ALMUKALLA, Yemen: Yemeni Prime Minister Maeen Abdul Malik Saeed has welcomed the ongoing deliberations inside US President Joe Biden’s administration to reclassify the Houthis as a terrorist organization, as dozens of local and international rights groups renewed their demands to punish the militia for its crimes.
Speaking to the Riyadh-based Al-Sharq channel, Saeed said the fresh discussions showed that the Americans had “belatedly” realized that the delisting decision proved counterproductive.
“Its position now is excellent and clear,” he said, adding that, since the reversal of the designation, the Houthis had increased their deadly strikes in and outside the country, claiming the lives of many civilians.
They had undermined international maritime security through the Red Sea by planting water-borne explosive devices and launching attacks on ships, he said.
“For us, it is clear that the Houthis are a terrorist organization because of their crimes committed against the Yemenis,” Saeed said.
The Washington Post reported that the escalating missile attacks by the Houthis, mainly the latest strikes on the UAE, had prompted some US and Middle Eastern officials to call on the Biden administration to re-name the Houthis a terrorist organization after reversing the designation a year ago.
The new demands came days after the UAE pushed for designating the Houthis as a terrorist organization after explosive-rigged drones and ballistic missiles struck civilian targets in the UAE.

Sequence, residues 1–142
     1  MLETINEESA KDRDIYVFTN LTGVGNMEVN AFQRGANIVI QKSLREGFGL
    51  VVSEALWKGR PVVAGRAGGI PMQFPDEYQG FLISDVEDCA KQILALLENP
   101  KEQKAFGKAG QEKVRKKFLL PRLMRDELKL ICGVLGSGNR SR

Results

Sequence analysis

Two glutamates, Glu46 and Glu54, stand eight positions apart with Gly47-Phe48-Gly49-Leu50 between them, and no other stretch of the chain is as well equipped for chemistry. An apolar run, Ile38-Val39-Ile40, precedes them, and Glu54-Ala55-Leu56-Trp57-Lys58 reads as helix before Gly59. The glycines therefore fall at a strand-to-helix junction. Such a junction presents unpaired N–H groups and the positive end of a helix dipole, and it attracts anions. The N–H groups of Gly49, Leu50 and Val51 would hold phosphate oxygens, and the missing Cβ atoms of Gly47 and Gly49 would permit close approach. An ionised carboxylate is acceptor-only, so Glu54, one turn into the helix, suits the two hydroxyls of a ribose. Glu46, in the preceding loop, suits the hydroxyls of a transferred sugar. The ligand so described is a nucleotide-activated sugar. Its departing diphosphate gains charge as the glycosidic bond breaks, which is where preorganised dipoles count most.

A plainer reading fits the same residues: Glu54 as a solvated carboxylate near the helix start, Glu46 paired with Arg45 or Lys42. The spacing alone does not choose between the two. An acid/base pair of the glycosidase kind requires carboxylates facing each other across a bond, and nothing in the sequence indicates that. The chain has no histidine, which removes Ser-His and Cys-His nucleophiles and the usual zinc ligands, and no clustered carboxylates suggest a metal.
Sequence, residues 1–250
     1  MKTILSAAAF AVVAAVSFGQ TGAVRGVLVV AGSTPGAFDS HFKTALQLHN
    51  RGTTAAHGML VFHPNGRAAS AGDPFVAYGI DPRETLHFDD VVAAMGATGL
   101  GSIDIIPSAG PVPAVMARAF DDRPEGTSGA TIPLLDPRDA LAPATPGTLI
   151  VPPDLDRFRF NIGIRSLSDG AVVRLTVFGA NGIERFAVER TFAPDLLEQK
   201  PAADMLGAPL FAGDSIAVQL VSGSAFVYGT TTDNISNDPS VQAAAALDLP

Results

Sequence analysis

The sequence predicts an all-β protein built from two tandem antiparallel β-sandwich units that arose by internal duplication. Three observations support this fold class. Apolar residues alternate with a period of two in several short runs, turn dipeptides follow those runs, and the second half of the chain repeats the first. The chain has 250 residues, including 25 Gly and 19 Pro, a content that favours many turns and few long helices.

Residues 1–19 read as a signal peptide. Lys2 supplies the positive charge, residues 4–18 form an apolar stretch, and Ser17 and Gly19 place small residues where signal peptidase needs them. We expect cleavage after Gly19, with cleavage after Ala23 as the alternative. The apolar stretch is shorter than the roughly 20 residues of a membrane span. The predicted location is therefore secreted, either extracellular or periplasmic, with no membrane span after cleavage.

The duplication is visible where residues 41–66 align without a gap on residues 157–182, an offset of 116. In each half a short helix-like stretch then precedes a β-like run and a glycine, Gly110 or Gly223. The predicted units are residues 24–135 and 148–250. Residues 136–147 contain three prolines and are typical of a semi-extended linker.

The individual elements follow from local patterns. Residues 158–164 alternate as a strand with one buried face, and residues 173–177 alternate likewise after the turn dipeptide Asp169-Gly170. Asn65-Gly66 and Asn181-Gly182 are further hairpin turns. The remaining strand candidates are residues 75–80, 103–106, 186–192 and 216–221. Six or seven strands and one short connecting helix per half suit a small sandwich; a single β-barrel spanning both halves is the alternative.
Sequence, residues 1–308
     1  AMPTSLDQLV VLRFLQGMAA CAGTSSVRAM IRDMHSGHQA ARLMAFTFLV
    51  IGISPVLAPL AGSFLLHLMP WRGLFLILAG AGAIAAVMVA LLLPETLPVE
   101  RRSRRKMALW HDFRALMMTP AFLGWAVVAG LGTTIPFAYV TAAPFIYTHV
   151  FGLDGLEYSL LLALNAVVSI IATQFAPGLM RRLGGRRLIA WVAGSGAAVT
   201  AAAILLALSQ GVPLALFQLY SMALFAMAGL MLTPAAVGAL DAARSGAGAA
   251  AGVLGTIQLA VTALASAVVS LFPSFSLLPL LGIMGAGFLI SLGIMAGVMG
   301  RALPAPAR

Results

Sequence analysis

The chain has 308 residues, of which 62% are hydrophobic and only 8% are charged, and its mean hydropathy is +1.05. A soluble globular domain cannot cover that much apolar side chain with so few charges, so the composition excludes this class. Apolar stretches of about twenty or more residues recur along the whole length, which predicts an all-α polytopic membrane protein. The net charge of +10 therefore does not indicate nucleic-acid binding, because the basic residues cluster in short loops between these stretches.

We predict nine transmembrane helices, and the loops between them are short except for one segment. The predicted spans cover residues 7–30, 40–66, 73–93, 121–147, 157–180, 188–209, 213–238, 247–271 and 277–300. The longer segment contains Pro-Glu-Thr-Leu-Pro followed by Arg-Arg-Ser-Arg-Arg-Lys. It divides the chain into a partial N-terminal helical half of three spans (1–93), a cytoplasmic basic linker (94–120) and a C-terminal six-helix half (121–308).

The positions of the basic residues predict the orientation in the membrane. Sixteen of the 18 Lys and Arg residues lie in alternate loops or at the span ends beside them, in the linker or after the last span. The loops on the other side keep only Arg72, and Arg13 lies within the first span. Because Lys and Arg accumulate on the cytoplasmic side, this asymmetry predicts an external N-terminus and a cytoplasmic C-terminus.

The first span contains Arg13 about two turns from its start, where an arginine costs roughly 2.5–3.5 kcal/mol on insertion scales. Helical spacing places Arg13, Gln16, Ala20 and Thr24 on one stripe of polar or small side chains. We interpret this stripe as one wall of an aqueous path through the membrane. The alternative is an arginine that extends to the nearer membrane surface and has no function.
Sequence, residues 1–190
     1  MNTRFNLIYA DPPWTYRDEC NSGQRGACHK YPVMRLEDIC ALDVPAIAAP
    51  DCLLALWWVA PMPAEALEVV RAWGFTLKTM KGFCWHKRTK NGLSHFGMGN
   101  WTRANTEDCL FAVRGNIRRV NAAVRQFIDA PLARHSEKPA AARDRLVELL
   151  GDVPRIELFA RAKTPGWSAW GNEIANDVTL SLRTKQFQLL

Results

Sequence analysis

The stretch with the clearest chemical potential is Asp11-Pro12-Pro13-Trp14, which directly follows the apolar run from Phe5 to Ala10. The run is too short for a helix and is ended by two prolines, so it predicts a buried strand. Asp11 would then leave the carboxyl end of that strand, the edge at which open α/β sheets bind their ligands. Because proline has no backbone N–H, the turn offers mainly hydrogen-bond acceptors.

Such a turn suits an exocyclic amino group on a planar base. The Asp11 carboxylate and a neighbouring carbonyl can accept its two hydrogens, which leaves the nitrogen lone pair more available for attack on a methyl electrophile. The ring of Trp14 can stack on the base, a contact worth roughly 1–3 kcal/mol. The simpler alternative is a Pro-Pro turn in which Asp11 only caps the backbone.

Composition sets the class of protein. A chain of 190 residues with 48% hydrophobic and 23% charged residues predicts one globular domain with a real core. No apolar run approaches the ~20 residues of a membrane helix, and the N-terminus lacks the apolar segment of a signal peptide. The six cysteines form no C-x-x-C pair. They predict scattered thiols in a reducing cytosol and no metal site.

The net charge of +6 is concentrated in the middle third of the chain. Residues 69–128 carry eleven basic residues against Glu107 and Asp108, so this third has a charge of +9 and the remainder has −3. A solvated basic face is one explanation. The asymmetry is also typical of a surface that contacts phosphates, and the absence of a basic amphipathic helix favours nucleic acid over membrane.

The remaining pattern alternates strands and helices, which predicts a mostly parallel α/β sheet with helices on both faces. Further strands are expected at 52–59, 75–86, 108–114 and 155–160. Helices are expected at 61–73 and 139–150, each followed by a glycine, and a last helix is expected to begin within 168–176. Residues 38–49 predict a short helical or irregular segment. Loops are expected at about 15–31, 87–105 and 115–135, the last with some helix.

They were based on the argument that the designation would dry up Houthi financial sources and smuggling routes for weapons.
“This designation will help disrupt illicit financial and weapons networks feeding the Houthi terror machine. It will add to mounting pressure on the Houthis to engage in UN-led peace efforts that can end hostilities in a war that has gone on far too long,” said the UAE embassy in Yemen.
The prime minister said he had warned the US that the delisting would not lead to peace in Yemen and that the Houthis would misinterpret good gestures from the international community.
“Unfortunately, there was leniency (with the Houthis). We have warned that these things will lead to more escalation, not calm. Pressure on Al-Houthi is the only way for achieving a solution in Yemen.”
He assured local and international aid organizations that his government would work on mitigating any possible repercussions of the decision on the flow and distribution of humanitarian assistance in Yemen. “We are keen that the classification does not affect the flow of aid,” he added.
Yemeni human rights activists, mainly those who were forced to flee the country due to the Houthi crackdown, have also demanded slapping tough sanctions on the militia to deter it from abusing Yemenis and mounting strikes against civilians.
Baraa Shiban, a Yemeni human rights activist, warned that keeping the Houthis in power would lead to expanding violence in the country, citing the militia’s attacks on civilian sites in Yemen and Saudi Arabia, including Abha airport.
“With the Houthis in charge, the conflict in #Yemen will spill over, that is what many Yemenis have been saying since day one,” Shiban tweeted.
Zafaran Zaid, a Yemeni human rights activist and lawyer who was sentenced to death in absentia by a Houthi-run court last year, told Arab News on Saturday that the Houthis should be blacklisted for killing thousands of Yemenis, looting private and public property, planting hundreds of thousands of land mines, prosecuting journalists, and raiding villages with heavy weapons.
“They (the Americans) should answer a simple question: How did you find the Houthis after canceling the designation? The Houthis became more brutal and shelled cities and tents of the displaced,” she said.